It makes sense that it is Rennie, 56, who is at the forefront of coming up with a new proposal, although others, like architect Michael Green, are thinking along the same lines. From a working-class childhood in East Vancouver, Rennie became president of Rennie Marketing Systems, helping real-estate developers sell condominiums on a very large scale, including Woodward’s and The Shangri-La. But Rennie is much more than a condo magnate. Not merely wealthy, not merely well-connected: He is a household name in Vancouver with a virtual key to the city in the form of a golden Rolodex. He spent several years renovating the Wing Sang building in the city’s Chinatown to house his vast and storied collection, a project that Wallpaper Magazine last year named one of the top 20 reasons to be in Canada. Among the artists he collects are Mona Hatoum, Ian Wallace, Rodney Graham and Kerry James Marshall.
He was a member of the VAG’s board when Bartels began her tenure in 2001, after a post as assistant director of the Museum of Contemporary Art in Los Angeles. The following year, he quit. In the time since, he has set foot inside the place only once. (He made an exception to his no-VAG rule to tour through the show Shore, Forest and Beyond: Art from the Audain Collection, consisting of works in the collection of developer/philanthropist Michael Audain. Audain also sits on the VAG’s relocation committee and has been one of the driving forces behind the gallery’s proposed move. Rennie calls him “one of the most important art citizens in our city.”)
So when Rennie went public with his vision for the future of the Vancouver Art Gallery – one that is radically different from the path the VAG is pursuing – you can imagine it raised eyebrows within the VAG’s executive offices.
The VAG, constrained by its current facility – a provincial courthouse in the downtown core renovated by Arthur Erickson for the gallery 30 years ago – is eager to move to a new, purpose-built facility. Bartels and her board lobbied for a prime plot of city-owned land – currently a parking lot – a few blocks from the VAG’s current home. In February, 2011, city council voted to reserve the city block for two years, during which time the gallery (which would have to share the land with an office tower) would have to make its case. The gallery was asked for a solid business plan, and to prove it could raise the funds (widely estimated at about $300-million, although Bartels herself has been careful not to publicly offer a figure). It was also asked to demonstrate that the public supported the idea.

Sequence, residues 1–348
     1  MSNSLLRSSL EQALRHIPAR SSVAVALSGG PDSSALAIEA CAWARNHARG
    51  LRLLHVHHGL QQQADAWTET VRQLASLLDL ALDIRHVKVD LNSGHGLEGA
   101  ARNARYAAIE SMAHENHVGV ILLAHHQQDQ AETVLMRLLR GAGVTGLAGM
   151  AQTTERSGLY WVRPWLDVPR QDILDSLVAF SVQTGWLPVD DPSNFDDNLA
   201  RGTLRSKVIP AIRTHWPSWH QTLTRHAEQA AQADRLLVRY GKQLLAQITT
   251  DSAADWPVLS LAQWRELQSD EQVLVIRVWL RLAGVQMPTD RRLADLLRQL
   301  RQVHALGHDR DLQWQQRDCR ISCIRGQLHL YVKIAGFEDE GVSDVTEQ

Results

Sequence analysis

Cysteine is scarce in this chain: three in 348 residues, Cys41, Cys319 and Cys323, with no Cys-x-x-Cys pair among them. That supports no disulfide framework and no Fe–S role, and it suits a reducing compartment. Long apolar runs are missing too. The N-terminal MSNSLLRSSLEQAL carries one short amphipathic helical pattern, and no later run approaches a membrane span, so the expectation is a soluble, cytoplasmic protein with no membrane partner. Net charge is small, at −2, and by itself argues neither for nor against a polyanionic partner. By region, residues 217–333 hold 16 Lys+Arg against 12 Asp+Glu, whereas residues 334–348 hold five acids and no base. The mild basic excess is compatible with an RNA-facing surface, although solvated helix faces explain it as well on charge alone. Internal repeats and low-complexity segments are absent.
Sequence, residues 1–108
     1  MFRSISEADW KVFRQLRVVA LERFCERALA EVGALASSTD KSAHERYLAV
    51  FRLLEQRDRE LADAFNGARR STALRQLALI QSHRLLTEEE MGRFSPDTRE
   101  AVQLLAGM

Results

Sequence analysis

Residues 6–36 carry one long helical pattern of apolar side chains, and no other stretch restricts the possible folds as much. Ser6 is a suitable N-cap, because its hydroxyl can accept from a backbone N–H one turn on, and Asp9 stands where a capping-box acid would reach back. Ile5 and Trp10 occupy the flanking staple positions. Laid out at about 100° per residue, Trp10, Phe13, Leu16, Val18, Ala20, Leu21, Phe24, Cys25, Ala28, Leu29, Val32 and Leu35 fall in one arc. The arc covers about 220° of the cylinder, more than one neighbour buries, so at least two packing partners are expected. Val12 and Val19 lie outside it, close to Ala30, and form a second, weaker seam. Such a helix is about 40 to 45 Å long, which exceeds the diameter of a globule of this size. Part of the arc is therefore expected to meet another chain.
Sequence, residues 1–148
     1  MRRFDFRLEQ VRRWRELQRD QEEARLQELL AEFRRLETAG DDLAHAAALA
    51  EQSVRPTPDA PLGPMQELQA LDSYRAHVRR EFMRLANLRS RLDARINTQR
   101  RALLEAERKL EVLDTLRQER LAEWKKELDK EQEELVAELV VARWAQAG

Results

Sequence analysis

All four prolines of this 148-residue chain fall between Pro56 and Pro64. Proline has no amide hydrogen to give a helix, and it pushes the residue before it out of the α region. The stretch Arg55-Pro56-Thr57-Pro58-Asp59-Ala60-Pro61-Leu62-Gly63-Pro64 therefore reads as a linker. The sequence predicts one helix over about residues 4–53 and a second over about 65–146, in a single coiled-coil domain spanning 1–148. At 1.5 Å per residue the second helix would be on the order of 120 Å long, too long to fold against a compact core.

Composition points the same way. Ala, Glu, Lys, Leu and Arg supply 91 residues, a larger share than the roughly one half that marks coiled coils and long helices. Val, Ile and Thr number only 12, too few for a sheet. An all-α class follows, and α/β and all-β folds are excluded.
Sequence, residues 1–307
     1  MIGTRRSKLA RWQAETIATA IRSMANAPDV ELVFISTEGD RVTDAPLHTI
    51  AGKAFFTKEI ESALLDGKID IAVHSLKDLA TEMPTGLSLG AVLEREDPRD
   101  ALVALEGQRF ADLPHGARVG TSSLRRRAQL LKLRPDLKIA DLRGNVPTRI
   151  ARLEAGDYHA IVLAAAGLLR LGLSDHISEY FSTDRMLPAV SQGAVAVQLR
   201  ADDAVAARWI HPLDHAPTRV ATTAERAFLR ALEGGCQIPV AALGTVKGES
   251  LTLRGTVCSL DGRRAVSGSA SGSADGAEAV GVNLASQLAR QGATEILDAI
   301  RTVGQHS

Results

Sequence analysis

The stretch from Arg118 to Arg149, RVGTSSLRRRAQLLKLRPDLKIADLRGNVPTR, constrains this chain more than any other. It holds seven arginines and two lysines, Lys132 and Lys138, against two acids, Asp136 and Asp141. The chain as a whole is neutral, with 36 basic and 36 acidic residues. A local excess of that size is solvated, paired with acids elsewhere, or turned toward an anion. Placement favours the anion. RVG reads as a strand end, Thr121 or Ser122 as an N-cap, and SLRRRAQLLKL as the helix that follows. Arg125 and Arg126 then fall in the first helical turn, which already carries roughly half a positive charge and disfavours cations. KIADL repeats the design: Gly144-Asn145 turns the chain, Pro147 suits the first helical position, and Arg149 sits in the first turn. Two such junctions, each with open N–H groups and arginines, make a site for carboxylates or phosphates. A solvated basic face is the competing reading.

In the lead-up to the council vote, a petition was launched and public forums were held.
But since the vote, the discussion has moved largely behind closed doors – to the point where people who should be in the know have asked reporters who have covered the issue: “Any idea what’s happening with the VAG?”
Bartels, in a discussion about the VAG move – but not about her relationship with Rennie – said she is not keen on the multilocation idea.
“One of the hallmarks of the Vancouver Art Gallery and our exhibition program is to really find thematic links between historical and contemporary, the local and the global, and I think that would be very difficult to do with multiple sites,” she says. “People have come to see Vermeer, Rembrandt and have discovered Huang Yong Ping. And they probably wouldn’t have done that if it had been at a separate site.”